The Telecom Infra Project (TIP) says that adopting the Wireless Broadband Alliance (WBA)’s OpenRoaming standard will help them build an ecosystem of interconnected WiFi networks around the world
Today, the WBA has announced that TIP has adopted their OpenRoaming standards, ahead of the launch of TIP’s own OpenWiFi project next week.
According to the WBA website, OpenRoaming is a ‘federation service enabling an automatic and secure WiFi experience globally’, based on three key elements: cloud federation, whereby networks and identity providers can enable automatic roaming and user onboarding on WiFi; cyber security, that enables simple, secure, and scalable WiFi connections amongst different organisations; and network automation, defining an automated roaming consortium codes framework to support policy provision on devices and networks.
In short, OpenRoaming should allow users to securely roam across WiFi networks without the need for logins and passwords. The WBA has said in the past that its ultimate goal was for the world to become “a single, giant WiFi network, allowing billions of people and their devices to connect automatically and securely to millions of Wi-Fi networks.”
Additional supporters of the WBA’s OpenRoaming Wi-Fi standards include AT&T, Boingo, Broadcom, Cisco, Commscope, Deutsche Telekom, Facebook, Google, Intel, Net Experience and Samsung.
“WBA OpenRoaming is a strong complement to OpenWiFi as both projects are designed to remove barriers to connectivity,” said Tiago Rodrigues, CEO of Wireless Broadband Alliance. “The WBA and TIP are both envisioning a world, hopefully not too far away, where digital connectivity becomes simpler and more streamlined for the entire ecosystem of communications service providers, OEMs, enterprises and consumers.”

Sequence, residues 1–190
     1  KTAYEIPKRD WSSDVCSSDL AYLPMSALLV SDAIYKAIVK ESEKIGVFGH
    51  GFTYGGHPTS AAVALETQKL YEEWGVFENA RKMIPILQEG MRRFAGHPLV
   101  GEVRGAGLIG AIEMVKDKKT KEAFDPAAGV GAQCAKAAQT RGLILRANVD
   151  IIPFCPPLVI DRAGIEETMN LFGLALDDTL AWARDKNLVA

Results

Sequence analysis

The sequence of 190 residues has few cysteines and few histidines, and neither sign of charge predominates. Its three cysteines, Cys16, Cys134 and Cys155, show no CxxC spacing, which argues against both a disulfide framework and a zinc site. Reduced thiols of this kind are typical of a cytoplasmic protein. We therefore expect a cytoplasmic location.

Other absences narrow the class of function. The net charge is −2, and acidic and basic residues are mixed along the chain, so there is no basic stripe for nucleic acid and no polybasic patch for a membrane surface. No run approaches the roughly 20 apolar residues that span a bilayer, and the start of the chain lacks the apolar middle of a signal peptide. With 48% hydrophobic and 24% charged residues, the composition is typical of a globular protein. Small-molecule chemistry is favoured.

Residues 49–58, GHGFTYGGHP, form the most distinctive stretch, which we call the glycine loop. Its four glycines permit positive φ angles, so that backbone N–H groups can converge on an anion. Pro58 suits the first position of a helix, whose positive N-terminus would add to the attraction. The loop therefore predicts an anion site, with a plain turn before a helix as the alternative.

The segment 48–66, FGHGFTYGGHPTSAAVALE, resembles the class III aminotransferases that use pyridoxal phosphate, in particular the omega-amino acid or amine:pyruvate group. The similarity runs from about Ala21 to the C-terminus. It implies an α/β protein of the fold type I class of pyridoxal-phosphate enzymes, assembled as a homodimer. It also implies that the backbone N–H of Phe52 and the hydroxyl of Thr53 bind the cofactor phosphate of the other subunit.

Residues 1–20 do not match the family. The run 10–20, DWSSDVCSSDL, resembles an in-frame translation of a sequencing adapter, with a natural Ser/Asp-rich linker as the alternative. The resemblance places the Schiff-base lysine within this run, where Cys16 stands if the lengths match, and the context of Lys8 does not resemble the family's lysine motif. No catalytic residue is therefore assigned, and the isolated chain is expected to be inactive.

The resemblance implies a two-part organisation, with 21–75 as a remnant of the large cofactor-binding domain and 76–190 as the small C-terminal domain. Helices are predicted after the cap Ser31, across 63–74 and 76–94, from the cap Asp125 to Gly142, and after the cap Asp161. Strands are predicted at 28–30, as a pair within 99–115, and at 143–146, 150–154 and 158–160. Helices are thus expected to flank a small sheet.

TIP is perhaps best known more recently for its work on advancing Open RAN technology, but the organisation has in fact worked on Wi-Fi initiatives for a number of years. Their OpenWiFi initiative is scheduled for launch next week, arguing that it is fundamentally time to rethink WiFi networks, with disaggregation as its central principle.
“Open Wi-Fi began with the promise of disaggregating the traditional locked in tech stack associated with managed Wi-Fi services. Part of delivering on that promise is to offer a premium Wi-Fi experience that aligns with service providers, enterprises, and carriers alike while remaining open source and delivered from a community eco-system with commercial quality,” says Chris Busch, co-chair of the TIP Open Converged Wireless group.
The growth in interest in all things Open seems to be a natural continuation of the growing successes of Open RAN. At the start of the year, a group of European operators, including Deutsche Telekom, Vodafone, Orange, TIM, and Telefonica all signing a memorandum of understanding
committing them to roll out the tech in their respective markets.
While it remains to be seen exactly how well this new technology will be able to challenge the dominance of traditional RAN vendors, the desire for more a more diverse, interoperable solution ecosystem is clear. It seems only natural that this would also be true for WiFi too.
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